• The lower right is very clear about the relationships of the different parts of the UI. At the same time, the design is pretty “busy”.
    • The upper right and lower left are similar in design but convey different mental models. Which one is “better” depends on factors like scrolling, expected window sizes, etc. So, the answer is the usual “it depends”.

    Ask yourself: What is the intended mental model?

    The application

    Users do not develop a mental model in a vacuum. They look for similarities to other applications. In unfamiliar situations, their behavior is influenced by earlier experiences. While not all applications are the same, certain archetypes have developed over time.

    If you aim for a quick route of your users to familiarity with the application, you should be clear about the general model. For instance:

    • Is the application a document editor?
      Most business users know how to to deal with Office documents. If your application has “things” that can be handled like documents (regardless of whether they are actually stored in files), users can use their previous experience with documents. At the same time, this comes with certain expectations. For example, editing or deleting one “document” should not affect another document (unless there is an explicit relationship).
    • Is it something that manages one or more lists of “things”, offering views on the data at different detail levels?
      This is the model behind applications that have some kind of database at their core. Browsing, searching, or filtering, followed by viewing/editing of single data items are comparable across business applications. Users of your application could e.g. expect that after they have narrowed down the results list, and dive into a single item, that the list will be “somewhere off-screen”. This is an example where a mental model is used for predicting what will happen, i.e. that is possible somehow to come back to the result list.
    • Is it like a machine that builds something after you have specified what you want to build?
      Software that uses the concept of “projects” and “builds” is what developers work with all day. Some single-source documentation systems use the same approach. Another example are e.g. video production tools.

    Your application surely can combine different models or be something unique. And if it is similar to existing software, being different can be an advantage. The best thing users can say is “it is like X, but you no longer have to do Y manually”.

    What you must avoid is intentionally trying to be similar to other software and then offering a bad experience. For example, early web applications sometimes tried very hard to be like their desktop counterparts before the technology was reliable enough. Which could result in losing work simply by pressing a single key at the wrong time (some may remember: a page-based application, a large text field, some JavaScript that goes wild, lost focus, backspace – everything gone).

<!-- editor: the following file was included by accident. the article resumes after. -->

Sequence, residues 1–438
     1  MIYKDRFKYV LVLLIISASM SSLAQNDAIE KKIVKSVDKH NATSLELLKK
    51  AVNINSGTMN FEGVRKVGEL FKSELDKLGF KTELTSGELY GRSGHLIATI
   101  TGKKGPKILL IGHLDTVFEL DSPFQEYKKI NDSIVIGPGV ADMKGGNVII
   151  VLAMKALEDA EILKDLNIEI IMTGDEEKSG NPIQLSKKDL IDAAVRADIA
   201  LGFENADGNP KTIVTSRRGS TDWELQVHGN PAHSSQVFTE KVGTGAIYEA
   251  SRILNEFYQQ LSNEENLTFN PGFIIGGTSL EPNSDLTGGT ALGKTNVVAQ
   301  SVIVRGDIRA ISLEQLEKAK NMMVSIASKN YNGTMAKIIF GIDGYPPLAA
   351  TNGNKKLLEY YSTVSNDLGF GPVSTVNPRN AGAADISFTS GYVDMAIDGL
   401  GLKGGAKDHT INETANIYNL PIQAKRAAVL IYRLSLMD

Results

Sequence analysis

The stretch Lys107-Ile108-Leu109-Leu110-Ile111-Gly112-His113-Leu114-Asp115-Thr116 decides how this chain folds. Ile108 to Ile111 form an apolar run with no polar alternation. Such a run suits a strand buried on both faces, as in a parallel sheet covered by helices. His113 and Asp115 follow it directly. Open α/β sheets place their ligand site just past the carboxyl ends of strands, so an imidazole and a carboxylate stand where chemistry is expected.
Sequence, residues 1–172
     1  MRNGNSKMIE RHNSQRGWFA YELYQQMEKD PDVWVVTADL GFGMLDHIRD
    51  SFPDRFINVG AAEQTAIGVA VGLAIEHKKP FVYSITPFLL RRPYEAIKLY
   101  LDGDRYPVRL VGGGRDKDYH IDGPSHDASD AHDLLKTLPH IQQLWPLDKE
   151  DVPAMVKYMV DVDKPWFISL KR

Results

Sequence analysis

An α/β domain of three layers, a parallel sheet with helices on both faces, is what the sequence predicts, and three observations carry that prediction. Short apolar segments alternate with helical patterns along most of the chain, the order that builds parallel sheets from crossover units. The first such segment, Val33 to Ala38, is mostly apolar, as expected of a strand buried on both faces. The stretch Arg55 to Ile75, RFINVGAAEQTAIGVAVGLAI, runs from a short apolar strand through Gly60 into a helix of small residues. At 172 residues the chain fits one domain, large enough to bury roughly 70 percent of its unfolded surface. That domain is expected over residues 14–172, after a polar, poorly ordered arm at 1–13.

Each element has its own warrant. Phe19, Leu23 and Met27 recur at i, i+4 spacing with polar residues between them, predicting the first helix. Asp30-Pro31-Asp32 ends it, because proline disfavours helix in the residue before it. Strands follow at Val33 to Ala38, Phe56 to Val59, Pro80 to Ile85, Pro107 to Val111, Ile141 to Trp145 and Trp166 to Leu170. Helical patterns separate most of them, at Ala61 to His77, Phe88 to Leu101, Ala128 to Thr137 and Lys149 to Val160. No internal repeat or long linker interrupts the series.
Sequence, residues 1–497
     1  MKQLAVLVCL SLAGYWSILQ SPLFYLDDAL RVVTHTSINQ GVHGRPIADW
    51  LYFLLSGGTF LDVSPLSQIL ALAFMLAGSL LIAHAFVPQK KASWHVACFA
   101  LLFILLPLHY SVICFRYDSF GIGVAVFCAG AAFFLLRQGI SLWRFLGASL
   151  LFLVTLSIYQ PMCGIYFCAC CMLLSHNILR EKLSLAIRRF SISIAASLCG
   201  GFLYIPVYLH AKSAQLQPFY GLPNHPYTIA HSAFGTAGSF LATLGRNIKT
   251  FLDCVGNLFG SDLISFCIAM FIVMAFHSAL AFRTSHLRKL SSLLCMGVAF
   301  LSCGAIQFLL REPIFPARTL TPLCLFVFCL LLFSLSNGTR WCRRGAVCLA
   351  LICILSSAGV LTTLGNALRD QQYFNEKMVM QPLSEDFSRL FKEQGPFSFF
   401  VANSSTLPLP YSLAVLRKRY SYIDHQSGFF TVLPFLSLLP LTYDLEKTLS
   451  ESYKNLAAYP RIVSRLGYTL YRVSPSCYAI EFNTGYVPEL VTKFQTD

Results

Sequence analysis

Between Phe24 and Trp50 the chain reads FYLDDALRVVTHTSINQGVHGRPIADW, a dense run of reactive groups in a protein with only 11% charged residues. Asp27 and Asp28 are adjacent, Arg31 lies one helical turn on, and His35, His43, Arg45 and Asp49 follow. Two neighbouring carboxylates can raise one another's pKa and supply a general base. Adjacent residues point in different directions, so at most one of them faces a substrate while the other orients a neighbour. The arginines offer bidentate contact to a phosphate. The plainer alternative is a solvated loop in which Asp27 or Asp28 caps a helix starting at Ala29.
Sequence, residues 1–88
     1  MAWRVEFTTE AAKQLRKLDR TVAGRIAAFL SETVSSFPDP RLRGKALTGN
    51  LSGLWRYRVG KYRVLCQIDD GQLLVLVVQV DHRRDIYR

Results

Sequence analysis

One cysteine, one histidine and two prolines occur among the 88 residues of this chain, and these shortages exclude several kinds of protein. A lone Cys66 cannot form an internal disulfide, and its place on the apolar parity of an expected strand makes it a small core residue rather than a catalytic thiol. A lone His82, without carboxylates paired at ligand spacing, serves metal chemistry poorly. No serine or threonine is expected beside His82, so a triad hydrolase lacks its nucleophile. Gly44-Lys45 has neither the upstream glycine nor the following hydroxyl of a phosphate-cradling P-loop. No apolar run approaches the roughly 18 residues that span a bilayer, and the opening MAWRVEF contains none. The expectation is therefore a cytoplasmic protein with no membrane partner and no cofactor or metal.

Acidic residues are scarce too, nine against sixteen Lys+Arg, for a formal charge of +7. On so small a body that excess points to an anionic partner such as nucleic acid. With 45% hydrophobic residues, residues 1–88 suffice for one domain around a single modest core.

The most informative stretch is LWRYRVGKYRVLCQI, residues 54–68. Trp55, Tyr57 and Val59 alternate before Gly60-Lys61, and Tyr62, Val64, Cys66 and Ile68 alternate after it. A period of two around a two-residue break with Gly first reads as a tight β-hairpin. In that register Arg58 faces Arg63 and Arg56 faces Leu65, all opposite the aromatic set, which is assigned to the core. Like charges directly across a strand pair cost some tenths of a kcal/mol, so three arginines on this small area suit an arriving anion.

The data

    Internally, most (.NET) applications deal with objects with properties which in turn can be objects, lists of objects or references to one or more objects. One of the challenges of UI design is to decide how much users should or should not know of these structures.

    • Is what a user experiences as a “thing” the same as an object in your code?
      Sometimes it is good to hide the complexity of composite objects, sometimes it is not. Take, for example, a form for entering a person’s data. Do you present the address as something that feels like a “thing”, or as something that is part of the person similar to its given and family name? As usual, it depends. On one hand you want a clean and simple UI, on the other hand imagine a database that tracks all addresses that a person has ever lived at.
    • How do you handle incomplete or invalid “things”?
      Let’s say a user has a concept of “things” that map pretty well to objects behind the scenes. Unfortunately, the infrastructure for storing these objects requires them to be complete and valid. Does this impact the user, forcing an “all or nothing” approach when creating a new thing? Or do you allow incomplete data as a “draft”, even if it means it must be stored separately because you e.g. have no influence on the available storage infrastructure?

    What to do

    • Prepare yourself to be asked “what’s the mental model?”
      Even if you will never get asked, this forces you to come up with a short summary that helps you communicating the basic ideas of your application (or a specific part of it).
    • Remember mental models are simplified and incomplete
      When a user writes an email and presses the “send” button, in their mind, this sends the email. Conceptually, emails are moved into the outbox, then collected and sent. But even people who know about this (and may have seen an email stuck in the outbox) tend to think of “click equals send”, because this mental model is – you may have guessed it by now – “good enough”. When you think about mental models in your application, expect users to start with the simplest model they can work with.
    • Watch yourself how you figure out how other software works
      Which visual cues do help you? Where does the software rely on known interaction patterns? Why can you use an application that you have not used before?
    • Think of instances when your mental model was wrong
      Was it your mistake? Did you have assumptions based on prior experience? Was it the application’s fault? What could the software have done differently to prevent this? What about your application? Could this happen to users of your software?